As the end of the summer approaches, two performing arts groups in Nashville have announced their plans to reopen, albeit with protective measures in place.
As Nashville Ballet continues their virtual offerings, they have also begun a phased reopening of their building, and plan to host their July summer intensive with safety protocols in place. They are also exploring the possibility of outdoor classes for their adult program.
The kickoff of Nashville Ballet’s 2020-2021 season was to be a performance of 72 Steps by second company NB2. The piece, which tells the story of the fight for women’s suffrage, will still happen as scheduled on the anniversary of Tennessee’s ratification of the 19th amendment 100 years ago. However, it will be a digital performance. While this is a different kind of celebration, it does bring a wide access to this piece for audiences nationwide, as well as for an educational tool about the suffrage anniversary.
The first work to be presented by the Nashville Ballet’s main company is a love letter to its hometown of music city. Choreography by Mollie Sansone, Gerald Watson, Christopher Stuart, and Artistic Director Paul Vasterling will be featured in a structured setting for safe distancing, at the ballet’s home in Sylvan Park. Community runs November 6-16.
The rest of the season is scheduled to run as planned, with Nashville’s Nutcracker in its TPAC home through December, an installment of the Attitude new works series featuring works by women, and A Midsummer Night’s Dream to follow in May, with Emergence returning to the Nashville Ballet building immediately after.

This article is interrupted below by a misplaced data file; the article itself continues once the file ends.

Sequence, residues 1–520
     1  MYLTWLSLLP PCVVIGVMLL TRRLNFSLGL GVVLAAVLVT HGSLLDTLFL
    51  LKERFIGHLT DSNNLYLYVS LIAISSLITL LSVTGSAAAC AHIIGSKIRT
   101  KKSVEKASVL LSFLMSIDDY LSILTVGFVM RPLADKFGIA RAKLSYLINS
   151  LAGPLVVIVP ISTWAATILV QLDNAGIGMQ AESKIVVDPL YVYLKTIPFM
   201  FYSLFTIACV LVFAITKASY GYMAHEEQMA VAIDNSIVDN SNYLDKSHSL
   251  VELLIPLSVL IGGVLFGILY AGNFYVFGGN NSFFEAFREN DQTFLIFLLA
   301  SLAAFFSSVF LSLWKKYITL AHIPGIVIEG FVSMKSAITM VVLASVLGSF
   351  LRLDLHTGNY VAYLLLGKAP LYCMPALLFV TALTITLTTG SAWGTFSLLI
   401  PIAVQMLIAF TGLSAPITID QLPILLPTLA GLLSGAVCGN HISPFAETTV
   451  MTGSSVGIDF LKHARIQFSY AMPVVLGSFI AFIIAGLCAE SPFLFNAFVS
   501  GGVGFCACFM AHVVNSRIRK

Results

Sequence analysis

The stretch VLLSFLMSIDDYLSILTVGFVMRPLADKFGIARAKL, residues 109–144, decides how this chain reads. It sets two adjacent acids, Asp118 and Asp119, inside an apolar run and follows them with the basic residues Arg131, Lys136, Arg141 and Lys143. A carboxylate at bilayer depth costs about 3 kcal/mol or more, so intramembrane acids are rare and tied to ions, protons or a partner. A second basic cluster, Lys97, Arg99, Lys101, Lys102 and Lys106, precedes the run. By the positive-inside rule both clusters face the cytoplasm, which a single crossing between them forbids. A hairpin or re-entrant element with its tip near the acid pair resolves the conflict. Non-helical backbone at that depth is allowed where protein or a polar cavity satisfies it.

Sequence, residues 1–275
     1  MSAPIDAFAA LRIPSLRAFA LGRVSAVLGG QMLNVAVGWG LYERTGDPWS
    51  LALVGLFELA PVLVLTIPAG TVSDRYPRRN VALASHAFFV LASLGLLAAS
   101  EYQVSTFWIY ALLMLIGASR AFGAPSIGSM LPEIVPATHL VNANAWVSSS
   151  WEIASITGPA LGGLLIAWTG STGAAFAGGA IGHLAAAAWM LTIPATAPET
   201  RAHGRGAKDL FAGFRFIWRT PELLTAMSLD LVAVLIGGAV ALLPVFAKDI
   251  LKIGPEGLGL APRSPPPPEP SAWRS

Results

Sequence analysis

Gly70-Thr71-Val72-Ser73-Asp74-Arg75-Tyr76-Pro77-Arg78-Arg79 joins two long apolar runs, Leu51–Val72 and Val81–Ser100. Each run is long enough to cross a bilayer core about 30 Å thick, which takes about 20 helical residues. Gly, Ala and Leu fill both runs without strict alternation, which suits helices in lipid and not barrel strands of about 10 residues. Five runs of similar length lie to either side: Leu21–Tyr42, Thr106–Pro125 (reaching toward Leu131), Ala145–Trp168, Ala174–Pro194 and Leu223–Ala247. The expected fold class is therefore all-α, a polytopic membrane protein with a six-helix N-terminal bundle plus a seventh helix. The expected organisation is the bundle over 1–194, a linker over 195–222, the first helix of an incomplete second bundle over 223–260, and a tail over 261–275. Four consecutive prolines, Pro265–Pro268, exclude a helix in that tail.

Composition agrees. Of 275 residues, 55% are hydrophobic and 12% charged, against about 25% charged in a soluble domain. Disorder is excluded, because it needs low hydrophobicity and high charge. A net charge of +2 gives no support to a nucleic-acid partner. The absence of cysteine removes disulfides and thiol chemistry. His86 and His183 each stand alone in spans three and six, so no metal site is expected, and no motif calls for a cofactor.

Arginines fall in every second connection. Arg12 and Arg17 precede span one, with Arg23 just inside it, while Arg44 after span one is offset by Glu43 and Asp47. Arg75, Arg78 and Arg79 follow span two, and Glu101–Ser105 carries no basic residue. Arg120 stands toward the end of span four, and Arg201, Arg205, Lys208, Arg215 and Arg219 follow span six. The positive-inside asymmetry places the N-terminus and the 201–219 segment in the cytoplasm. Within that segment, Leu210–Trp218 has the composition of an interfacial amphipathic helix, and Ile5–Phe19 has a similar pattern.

Nashville Opera has announced their 40th anniversary season, beginning with the company’s first ever commission. One Vote Won features Brooke Leigh Davis and Jennifer Whitcomb-Oliva as Diane Nash and Frankie Pierce, convincing Gloria, played by Tamica Nicole, of the value of her vote. Music by Dave Ragland and a libretto by Mary McCallum make One Vote Won a fully homegrown product for Music City. The season-opener will be streamed on-demand September 25-27.
Like many organizations, Nashville Opera has also expanded their online educational offerings. Video of their touring and school productions is now available on their website.
With Opera Jukebox, the audience will actually determine the program. Bidding on which pieces will be performed will take place for the week preceding the performance. This concert will be a live-stream on October 17.
Like Nashville Ballet, Nashville Opera is planning to conclude their season at TPAC, with the pandemic-delayed Rigoletto Noir and a performance of Rossini’s Cinderella both in the spring of 2021.
While the Nashville Symphony plans a reopening in the fall of 2021, members of the orchestra have been hard at work on video. The Nashville Symphony Musicians YouTube page is up to 60 videos and counting. It’s a rare chance to see those players up close rather than from the Schermerhorn’s seats.
The Frist Art Museum also has reopened to limited crowds, and they have expanded the availability of exhibits that would have expired while they were closed. Time-specific tickets to see the work of JMW Turner and Mel Ziegler’s Flag Exchange are available on their website.
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